Health Nature Cod The levels of harmful methylmercury (MeHg) found in fish may have spiked over the past three decades. That's according to scientists, who believe global warming could be to blame. Researchers created models to estimate that between the 1970s and 2000s, the levels of the substance in Atlantic bluefin tuna increased by 56 percent; and 23 percent in Atlantic cod. The authors of the paper published in the journal Nature pinned the climb to rising seawater temperatures after 1969. The toxin can be passed on from a mother to her fetus and has been linked to long-term neurocognitive problems in children, which can last into adulthood. In the U.S., 82 percent of the MeHg that people are exposed to comes from seafood in the diet. As much as 40 percent originates in fresh or canned tuna. MeHg occurs when microscopic organisms in soil and water combine mercury with carbon. This can enter the food chain, with predators at the top accumulating higher concentrations than other … [Read more...] about Climate Change Could Expose More Humans to Mercury in Seafood
Mercury in fish
Updated 10:33 am CDT, Sunday, April 21, 2019 FILE - In this May 16, 2018, file photo, an adult peregrine falcon circles near its nest on a ledge overlooking Lake Mead in Temple Bar, Ariz. A Nevada state wildlife biologist is finding that not even the fastest bird on Earth can escape mercury contamination. Joe Barnes tells the Las Vegas Review-Journal the toxic element is turning up in feathers of peregrine falcons from coast to coast, including at the Lake Mead National Recreation Area. (Andrea Cornejo/Las Vegas Review-Journal via AP, File) less FILE - In this May 16, 2018, file photo, an adult peregrine falcon circles near its nest on a ledge overlooking Lake Mead in Temple Bar, Ariz. A Nevada state wildlife biologist is finding that not even the ... more Photo: Andrea Cornejo, AP Photo: Andrea … [Read more...] about Biologist study finds mercury in predator peregrine falcons
As a young child, I recall one of my siblings breaking an old style thermometer, and my sense of wonder as I saw the silvery material from inside rolling around the floor, almost impossible to pick up. However, as I grew older I remember hearing the news reports of Japanese citizens poisoned by mercury in fish—fish contaminated by mercury dumped in Minamata Bay in the 1950s and ‘60s. And I learned that the intriguing roly-poly substance was not so innocent. Over the ensuing years, I heard more and more about the dangers of mercury, and its pervasiveness in our environment—particularly in the air with mercury vapors emitted from coal-fired power plants. We can’t see it, but like the dissolved mercury in fish, this airborne mercury enters our bodies unbeknownst to us and results in neurological and nervous system problems like birth defects and developmental issues.Unlike some contaminants, mercury accumulates in our systems, and there is no simple or easy way to … [Read more...] about Don’t roll back the mercury standard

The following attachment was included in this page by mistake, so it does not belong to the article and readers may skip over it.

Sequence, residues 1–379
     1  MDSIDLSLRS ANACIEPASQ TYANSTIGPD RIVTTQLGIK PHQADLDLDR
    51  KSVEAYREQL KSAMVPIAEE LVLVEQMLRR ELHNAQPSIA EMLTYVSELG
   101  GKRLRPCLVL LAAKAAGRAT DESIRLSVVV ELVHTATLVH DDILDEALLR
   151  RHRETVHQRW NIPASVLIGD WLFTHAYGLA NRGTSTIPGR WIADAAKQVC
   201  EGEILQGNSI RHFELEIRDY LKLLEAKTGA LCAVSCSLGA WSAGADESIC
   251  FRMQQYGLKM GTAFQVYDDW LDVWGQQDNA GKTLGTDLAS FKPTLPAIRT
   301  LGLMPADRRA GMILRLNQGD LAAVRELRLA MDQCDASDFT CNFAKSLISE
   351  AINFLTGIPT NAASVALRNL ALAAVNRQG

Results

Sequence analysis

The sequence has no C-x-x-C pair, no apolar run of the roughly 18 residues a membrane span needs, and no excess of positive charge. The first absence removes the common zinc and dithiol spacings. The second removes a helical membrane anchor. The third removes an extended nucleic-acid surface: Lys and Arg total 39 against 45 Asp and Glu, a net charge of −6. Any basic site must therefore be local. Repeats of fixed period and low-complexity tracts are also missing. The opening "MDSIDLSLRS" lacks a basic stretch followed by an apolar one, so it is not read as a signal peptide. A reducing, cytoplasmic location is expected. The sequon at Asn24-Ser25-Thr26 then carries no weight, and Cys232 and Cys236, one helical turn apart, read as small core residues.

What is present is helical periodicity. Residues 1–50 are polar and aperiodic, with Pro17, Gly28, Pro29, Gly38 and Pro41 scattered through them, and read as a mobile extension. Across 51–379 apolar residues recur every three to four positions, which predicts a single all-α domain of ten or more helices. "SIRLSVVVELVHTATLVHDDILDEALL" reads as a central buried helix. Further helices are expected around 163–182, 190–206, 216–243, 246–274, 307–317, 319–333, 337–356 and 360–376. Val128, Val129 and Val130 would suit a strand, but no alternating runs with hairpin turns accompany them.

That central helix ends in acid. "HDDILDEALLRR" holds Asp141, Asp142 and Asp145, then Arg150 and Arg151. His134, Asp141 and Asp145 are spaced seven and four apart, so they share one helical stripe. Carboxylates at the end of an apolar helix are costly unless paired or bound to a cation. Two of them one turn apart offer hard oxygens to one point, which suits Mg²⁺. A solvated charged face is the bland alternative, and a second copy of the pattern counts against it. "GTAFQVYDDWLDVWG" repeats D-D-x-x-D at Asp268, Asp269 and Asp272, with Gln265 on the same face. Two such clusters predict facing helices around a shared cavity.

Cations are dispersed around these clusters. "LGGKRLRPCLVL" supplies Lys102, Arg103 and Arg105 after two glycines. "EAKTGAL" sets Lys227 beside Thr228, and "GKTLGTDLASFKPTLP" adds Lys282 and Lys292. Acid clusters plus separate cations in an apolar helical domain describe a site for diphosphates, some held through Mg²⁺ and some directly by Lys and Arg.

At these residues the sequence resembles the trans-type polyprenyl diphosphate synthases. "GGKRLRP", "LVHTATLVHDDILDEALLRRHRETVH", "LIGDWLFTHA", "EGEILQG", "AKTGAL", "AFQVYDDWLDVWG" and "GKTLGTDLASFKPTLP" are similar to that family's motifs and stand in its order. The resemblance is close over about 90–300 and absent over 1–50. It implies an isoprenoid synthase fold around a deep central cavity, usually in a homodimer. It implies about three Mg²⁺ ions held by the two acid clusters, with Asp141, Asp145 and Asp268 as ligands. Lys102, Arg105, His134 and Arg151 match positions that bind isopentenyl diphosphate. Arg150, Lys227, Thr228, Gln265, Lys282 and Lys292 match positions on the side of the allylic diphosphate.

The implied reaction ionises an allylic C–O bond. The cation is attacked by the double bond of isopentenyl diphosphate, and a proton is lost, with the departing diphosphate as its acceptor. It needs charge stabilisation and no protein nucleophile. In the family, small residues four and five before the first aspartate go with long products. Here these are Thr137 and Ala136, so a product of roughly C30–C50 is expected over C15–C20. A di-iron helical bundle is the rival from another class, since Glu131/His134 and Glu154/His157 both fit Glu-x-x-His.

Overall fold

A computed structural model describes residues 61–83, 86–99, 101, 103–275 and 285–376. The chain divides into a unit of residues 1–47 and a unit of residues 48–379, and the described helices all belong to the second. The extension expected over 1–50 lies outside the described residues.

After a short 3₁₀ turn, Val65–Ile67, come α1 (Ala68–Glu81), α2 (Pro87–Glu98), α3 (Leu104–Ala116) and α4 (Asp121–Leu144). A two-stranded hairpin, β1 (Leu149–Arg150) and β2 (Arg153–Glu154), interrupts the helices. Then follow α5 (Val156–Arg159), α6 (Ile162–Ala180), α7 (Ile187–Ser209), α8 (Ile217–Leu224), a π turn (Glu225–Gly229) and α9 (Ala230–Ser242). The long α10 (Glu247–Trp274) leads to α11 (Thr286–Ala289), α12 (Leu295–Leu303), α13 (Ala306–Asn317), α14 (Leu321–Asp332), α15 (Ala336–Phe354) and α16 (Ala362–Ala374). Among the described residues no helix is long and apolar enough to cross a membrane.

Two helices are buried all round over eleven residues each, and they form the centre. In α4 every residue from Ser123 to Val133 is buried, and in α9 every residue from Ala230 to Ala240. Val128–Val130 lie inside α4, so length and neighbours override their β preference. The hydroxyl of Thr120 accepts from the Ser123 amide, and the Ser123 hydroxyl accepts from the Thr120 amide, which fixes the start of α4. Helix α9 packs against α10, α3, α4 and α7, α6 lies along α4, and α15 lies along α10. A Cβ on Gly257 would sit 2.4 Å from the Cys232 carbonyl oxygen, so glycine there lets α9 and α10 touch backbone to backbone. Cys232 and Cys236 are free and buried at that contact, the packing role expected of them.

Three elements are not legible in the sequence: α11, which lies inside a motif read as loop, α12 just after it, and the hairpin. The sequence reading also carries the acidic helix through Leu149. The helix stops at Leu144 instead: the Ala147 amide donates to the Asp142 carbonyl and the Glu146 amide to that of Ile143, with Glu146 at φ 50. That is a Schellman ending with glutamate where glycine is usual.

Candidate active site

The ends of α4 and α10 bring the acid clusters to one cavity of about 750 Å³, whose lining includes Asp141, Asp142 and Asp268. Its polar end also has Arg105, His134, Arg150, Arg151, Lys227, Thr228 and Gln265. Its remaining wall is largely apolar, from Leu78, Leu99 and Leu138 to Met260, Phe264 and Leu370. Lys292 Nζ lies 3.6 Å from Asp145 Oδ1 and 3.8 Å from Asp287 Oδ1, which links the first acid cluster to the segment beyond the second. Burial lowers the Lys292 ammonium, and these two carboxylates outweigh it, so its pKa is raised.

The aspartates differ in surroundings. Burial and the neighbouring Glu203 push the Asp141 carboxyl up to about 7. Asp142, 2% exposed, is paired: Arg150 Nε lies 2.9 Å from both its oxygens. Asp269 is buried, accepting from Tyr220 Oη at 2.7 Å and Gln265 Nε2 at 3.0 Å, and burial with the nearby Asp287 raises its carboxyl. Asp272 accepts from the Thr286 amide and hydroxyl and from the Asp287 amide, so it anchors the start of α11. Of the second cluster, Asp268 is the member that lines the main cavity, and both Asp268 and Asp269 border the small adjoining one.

Syracuse, N.Y. -- The levels of toxic chemicals in Onondaga Lake fish continue to fall, a sign that the decades-long lake cleanup is working, new reports show. The amount of mercury in the flesh of small prey fish fell 70 percent from 2009 to 2016, according to data provided by Honeywell and accepted by the state this year. In the lake's popular game fish, smallmouth bass and walleye, the amount of mercury in 2016 was half the level it was in 2009, the data show. PCB levels in fish have also fallen in that same time period: About 50 percent in walleye and 63 percent in bass. "It's moving in the right direction," said Charles T. Driscoll, the SU professor who has done research on mercury in the lake for decades. "It's right on track." The mercury isn't gone, however, and it won't be for a long time. The levels in smallmouth bass and walleye remain far higher than the standards set in 2005. Honeywell's 2016 data shows mercury levels in bass at 0.92 parts per million, about half … [Read more...] about Mercury in Onondaga Lake fish keeps falling, but there’s a long way to go
Kevin Rodenbaugh fished until 3 a.m. one day this week, went home, caught a few hours of sleep, and was back scrambling down rocks along the Schuylkill in Bridgeport at 9 a.m. The wiry 20-year-old whipped his medium-heavy rod with practiced ease. A plastic worm slashed through the air at the end of his braided line in search of live prey: smallmouth bass living near where water rushed over falls at the Norristown Dam. Rodenbaugh fishes up to six days a week for muskie, catfish and bass. “It’s like a little vacation,” he said. Are fish thriving in the Schuylkill? And what’s the overall health of the river? Those questions were raised through Curious Philly, our new question-and-response forum that allows readers to submit questions about their community in need of further examination. We set out to find answers. Rodenbaugh made a splash a few weeks ago when he caught a 45-inch muskie near the same spot on the … [Read more...] about What fish live in the Schuylkill and which are safe to eat?